Last time we saw WagakkiBand stateside was at Anime Expo 2015.

As I noted in my previous write-up, they rocked. Since then, the group has followed up their first US appearance with the release of their second album, YASOUEMAKI, in September. Their first album, Vocalozanmai debuted at #5 in the Oricon charts. They were hoping YASOUEMAKI would land in the top 3, and were pleasantly surprised when it opened up at #1 (career achievement unlocked). They were especially proud because it was entirely original material.

WagakkiBand followed the release of YASOUEMAKI with a Japanese tour in support of the album. That tour helped improve the group as a band. I’ll come back to this in a bit.

In January of 2016 the band went to Hokkaido for a ten-day songwriting camp. Good choice, Hokkaido is beautiful

My personal favorite is the Crimson Forest:

Hokkaido is also a surprisingly easy island to flee, with seven airports, as well a tunnel accessible via railway. Despite the easy means of escape, the camp was a rousing success. The band thought the retreat would be difficult, but it worked out very well. They have more than enough material for their third album, and the difficulty now is figuring out what to cut.

Let’s go back to WagakkiBand’s 2015 Japanese tour. I mentioned earlier that the tour helped them improve as a band. They explained that it affected them in numerous ways.

  1.  The band is more relaxed on stage. They still get pre-show jitters (Wababi and Yuko both took care to emphasize that), but they are much better at getting comfortable once the show starts.
  2. The ensemble has become tighter. They have learned how to better balance their respective sounds to form a more cohesive whole. They’ve also become more accustomed to each other’s timing.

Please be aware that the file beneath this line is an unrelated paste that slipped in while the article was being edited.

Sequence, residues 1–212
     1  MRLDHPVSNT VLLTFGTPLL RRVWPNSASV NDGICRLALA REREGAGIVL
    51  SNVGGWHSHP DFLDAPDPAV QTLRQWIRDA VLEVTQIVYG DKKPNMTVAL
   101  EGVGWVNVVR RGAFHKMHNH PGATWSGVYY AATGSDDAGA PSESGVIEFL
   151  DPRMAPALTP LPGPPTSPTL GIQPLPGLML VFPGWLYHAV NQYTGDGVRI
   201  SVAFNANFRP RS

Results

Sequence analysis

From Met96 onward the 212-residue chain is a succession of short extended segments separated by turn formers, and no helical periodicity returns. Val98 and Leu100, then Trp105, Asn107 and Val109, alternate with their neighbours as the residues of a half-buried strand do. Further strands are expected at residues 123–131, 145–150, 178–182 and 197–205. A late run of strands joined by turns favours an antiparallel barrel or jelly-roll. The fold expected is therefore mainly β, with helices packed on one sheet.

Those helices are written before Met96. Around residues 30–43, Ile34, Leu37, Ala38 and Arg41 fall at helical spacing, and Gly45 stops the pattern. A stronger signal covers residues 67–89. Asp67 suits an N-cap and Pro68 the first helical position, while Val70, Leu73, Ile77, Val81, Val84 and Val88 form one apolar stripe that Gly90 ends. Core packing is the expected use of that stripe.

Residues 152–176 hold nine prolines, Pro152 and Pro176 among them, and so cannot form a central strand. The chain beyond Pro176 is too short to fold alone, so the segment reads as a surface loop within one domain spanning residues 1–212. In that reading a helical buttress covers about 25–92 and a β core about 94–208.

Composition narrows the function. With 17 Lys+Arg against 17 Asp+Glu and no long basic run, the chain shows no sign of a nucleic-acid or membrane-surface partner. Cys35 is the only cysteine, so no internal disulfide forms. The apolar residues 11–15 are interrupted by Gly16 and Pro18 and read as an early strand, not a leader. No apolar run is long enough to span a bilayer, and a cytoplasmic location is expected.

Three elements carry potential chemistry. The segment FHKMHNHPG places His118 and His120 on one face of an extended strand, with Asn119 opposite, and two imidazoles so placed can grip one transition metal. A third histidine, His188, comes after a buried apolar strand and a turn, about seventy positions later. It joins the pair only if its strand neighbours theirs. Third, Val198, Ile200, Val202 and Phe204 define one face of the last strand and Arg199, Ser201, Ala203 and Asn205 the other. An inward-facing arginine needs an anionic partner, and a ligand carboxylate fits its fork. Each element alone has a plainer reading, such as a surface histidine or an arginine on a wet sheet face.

1. Yuko learned how to pace herself on a tour to prevent her voice from wearing down. She said this took a fair amount of work and practice.
  1. Kiyoshi pointed out that they’ve learned how to fill the space in a show. This is an important concept, so let me elaborate on it. WagakkiBand has played in a number of major international shows, but they’ve had to adapt to smaller venues as well. In fact, after playing in New York, they went to Austin for SXSW and had to adapt to the smaller venue.

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Some other issues they experienced and learned to deal with on their Japanese tour:

Various instruments have been silent. This is the bane of concert techs and audio engineers. I’m sure you’ve seen microphones go dead in various meetings/events/etc. That can happen with instruments and amps as well, but the show must go on.

Wasabi had to deal with radio silence when he couldn’t hear a track on stage. As a former drummer myself, let me assure you that becomes quite a test. In fact, it’s particularly difficult when you aren’t the only drummer on stage and you have to work in perfect synchronization. No pressure.